WASHINGTON — NASA has delayed the launch of a mission to Saturn’s moon Titan by a yr, citing funds challenges created by the coronavirus pandemic.
In a Sept. 25 assertion, NASA mentioned the Dragonfly mission, which had been scheduled to launch in 2026, will as an alternative launch in 2027. The change in launch date is not going to in any other case have an effect on the design of the mission or the science it’ll carry out.
NASA chosen Dragonfly in June 2019 as the following mission in its New Frontiers program of medium-sized planetary science missions. Dragonfly will land on Titan, Saturn’s largest moon with a dense environment, then use a set of rotors, like a drone, to fly from one location to a different throughout its floor.
Within the assertion, NASA mentioned the choice to push again the launch a yr “relies on components exterior to the Dragonfly undertaking workforce, together with COVID-19’s affect on the Planetary Science Division’s funds.” The company didn’t state what that delay would do to spending for the mission in fiscal yr 2021, for which NASA initially requested $95.eight million, or the general mission price, which is capped beneath the New Frontiers program at $850 million, not together with launch and operations.
“NASA has the utmost confidence within the Dragonfly workforce to ship a profitable mission that conducts compelling science,” Lori Glaze, director of NASA’s planetary science division, mentioned in that assertion.
NASA officers had warned that efforts to deal with the consequences of the pandemic would have prices to its science packages that will have to be accommodated by some means by the company. NASA will permit scientists to use for augmentations for current awards, with a precedence to help college students and early-career professionals. There have additionally been prices for missions that needed to simply work plans due to the pandemic.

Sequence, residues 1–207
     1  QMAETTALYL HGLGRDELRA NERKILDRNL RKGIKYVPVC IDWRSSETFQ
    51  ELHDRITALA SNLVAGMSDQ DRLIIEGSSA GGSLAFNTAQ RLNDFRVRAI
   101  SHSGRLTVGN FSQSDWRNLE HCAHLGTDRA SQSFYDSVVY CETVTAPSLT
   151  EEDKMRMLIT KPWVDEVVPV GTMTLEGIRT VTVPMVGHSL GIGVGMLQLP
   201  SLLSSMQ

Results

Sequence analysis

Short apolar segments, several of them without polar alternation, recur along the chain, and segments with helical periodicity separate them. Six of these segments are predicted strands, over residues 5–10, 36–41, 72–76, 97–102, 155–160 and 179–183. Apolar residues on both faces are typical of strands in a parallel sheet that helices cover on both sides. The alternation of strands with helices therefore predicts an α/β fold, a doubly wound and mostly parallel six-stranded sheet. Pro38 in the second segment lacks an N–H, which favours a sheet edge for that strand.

There was no signal, although, that Dragonfly was at risk of a delay due to these points. At a Sept. 2 assembly of the Outer Planets Evaluation Group, Elizabeth “Zibi” Turtle, principal investigator for the mission on the Johns Hopkins College Utilized Physics Lab, mentioned early design and testing work on the mission continued regardless of a shift to largely digital work attributable to the pandemic.
“We’re on observe and making good progress regardless of the restrictions within the work atmosphere proper now,” she mentioned. Design work and mission planning actions continued on-line whereas some testing, with COVID-19 security protocols in place, continued in labs. However, she famous, “we’re monitoring the impacts as a consequence of COVID on features of the schedule.”
Dragonfly’s launch had beforehand slipped a yr. When NASA chosen the mission, it determined to shift the launch from its proposed date of 2025 to 2026 to be able to give the mission extra time to deal with technical points. That delay didn’t have an effect on the mission’s arrival at Titan in 2034 due to modifications within the trajectory. NASA didn’t state when Dragonfly will arrive at Titan with the brand new 2027 launch date.